The final step in a bicycle program is to support riders and promote the existing facilities. At this end of the cycle you can move up to 1 Measure and Understand
Programs aimed to change behaviour, sometimes referred to as encouragement programs or marketing programs are of little use if there are no facilities. They have an important role however in promoting what exists and in rasing the possibility of bike riding in the area. Maps and guides are a powerful and simple tool to tackle awareness. More sophisticated programs are needed to help people get over 'barriers' to a new habit or to re-evaluate their assessment of the benefits of riding.
Community based social marketing
We are strong advocates of community based social marketing as described and developed by Douglas McKenzie-Mohr
Ride to Work and Ride2School programs are based on these principles.
Community-based social marketing is an attractive alternative to information intensive campaigns. In contrast to conventional approaches, community-based social marketing has been shown to be very effective at bringing about behavior change.
Its effectiveness is due to its pragmatic approach. This approach involves:
* identifying barriers to a sustainable behavior,
* designing a strategy that utilizes behavior change tools,
* piloting the strategy with a small segment of a community, and finally,
* evaluating the impact of the program once it has been implemented across a community.
Identifying Barriers: If any form of sustainable behavior is to be widely adopted by the public, barriers to engaging in the activity must first be identified. Community-based social marketers begin by identifying these barriers. They do so using a combination of literature reviews, focus groups, and survey research. The barriers they identify may be internal to the individual, such as lack of knowledge regarding how to carry out an activity or external, as in structural changes that need to be made in order for the behavior to be more convenient.
There may be multiple internal and external barriers to widespread public participation in any form of sustainable behavior and that these barriers will vary for different individuals and for different activities. Since the barriers that prevent individuals from engaging in sustainable behavior are activity specific, community-based social marketers begin to develop a strategy only after they have identified a particular activity's barriers. Once these barriers have been identified, they develop a social marketing strategy to remove them.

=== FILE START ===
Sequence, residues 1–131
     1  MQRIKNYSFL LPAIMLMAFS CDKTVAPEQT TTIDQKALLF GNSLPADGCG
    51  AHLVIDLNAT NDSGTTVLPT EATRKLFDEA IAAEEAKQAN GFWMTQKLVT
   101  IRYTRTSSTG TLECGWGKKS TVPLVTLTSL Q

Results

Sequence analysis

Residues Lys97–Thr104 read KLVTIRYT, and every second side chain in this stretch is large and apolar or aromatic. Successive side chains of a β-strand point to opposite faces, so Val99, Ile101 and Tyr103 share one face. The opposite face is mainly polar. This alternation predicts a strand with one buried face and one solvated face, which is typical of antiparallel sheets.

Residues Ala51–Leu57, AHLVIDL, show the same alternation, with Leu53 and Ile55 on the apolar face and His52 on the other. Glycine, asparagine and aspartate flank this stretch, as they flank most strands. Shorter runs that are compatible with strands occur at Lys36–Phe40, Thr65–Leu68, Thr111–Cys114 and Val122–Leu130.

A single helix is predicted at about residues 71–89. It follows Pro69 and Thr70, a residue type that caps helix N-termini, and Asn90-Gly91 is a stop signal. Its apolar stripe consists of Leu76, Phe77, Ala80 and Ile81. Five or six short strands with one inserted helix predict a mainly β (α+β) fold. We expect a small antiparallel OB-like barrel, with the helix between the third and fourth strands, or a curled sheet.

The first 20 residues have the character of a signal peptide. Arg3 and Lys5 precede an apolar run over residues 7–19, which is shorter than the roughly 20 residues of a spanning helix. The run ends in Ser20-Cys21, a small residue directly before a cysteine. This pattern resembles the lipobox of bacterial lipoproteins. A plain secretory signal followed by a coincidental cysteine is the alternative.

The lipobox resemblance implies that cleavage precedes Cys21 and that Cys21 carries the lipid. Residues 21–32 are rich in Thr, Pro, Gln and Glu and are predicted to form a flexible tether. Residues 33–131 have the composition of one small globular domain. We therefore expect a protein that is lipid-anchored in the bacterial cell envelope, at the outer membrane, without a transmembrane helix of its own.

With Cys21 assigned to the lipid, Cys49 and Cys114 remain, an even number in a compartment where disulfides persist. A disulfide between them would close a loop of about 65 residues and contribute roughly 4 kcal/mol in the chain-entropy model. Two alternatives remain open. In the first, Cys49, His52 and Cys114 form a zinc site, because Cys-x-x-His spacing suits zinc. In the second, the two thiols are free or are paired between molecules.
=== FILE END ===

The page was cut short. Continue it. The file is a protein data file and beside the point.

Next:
Behavior Change Tools: Social science research has identified a variety of "tools" that are effective in changing behavior. These tools include such approaches as gaining a commitment from an individual that they will try a new activity, or developing community norms that encourage people to behave more sustainably.
The techniques that are used by community-based social marketers are carried out at the community level and frequently involve direct personal contact. Personal contact is emphasized because social science research indicates that we are most likely to change our behavior in response to direct appeals from others.
Piloting: Prior to implementing a community-based social marketing strategy it is piloted in a small portion of a community. Given the high cost of implementing many programs, it is essential to know that a strategy will work before it is implemented on a large scale. Conducting a pilot allows a program to be refined until it is effective. Further, a pilot allows alternative methods for carrying out a project to be tested against one another and the most cost-effective method to be determined. Finally, conducting a pilot can be a crucial step in demonstrating to funders the worthiness of implementing a program on a broad scale.
Evaluation: The final step of community-based social marketing involves ongoing evaluation of a program once it has been implemented in a community. In conducting an evaluation, community-based social marketers emphasize the direct measurement of behavior change over less direct measures such as self reports or increases in awareness. The information gleaned from evaluation can be used to further refine the marketing strategy as well as provide evidence that a project should receive further funding.